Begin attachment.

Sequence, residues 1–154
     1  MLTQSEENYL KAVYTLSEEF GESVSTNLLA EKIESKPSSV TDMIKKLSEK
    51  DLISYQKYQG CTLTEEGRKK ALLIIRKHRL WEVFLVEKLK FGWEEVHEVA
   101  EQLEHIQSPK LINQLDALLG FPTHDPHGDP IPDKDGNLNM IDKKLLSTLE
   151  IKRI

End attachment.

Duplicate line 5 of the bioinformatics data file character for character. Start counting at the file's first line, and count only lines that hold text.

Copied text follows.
   151  IKRI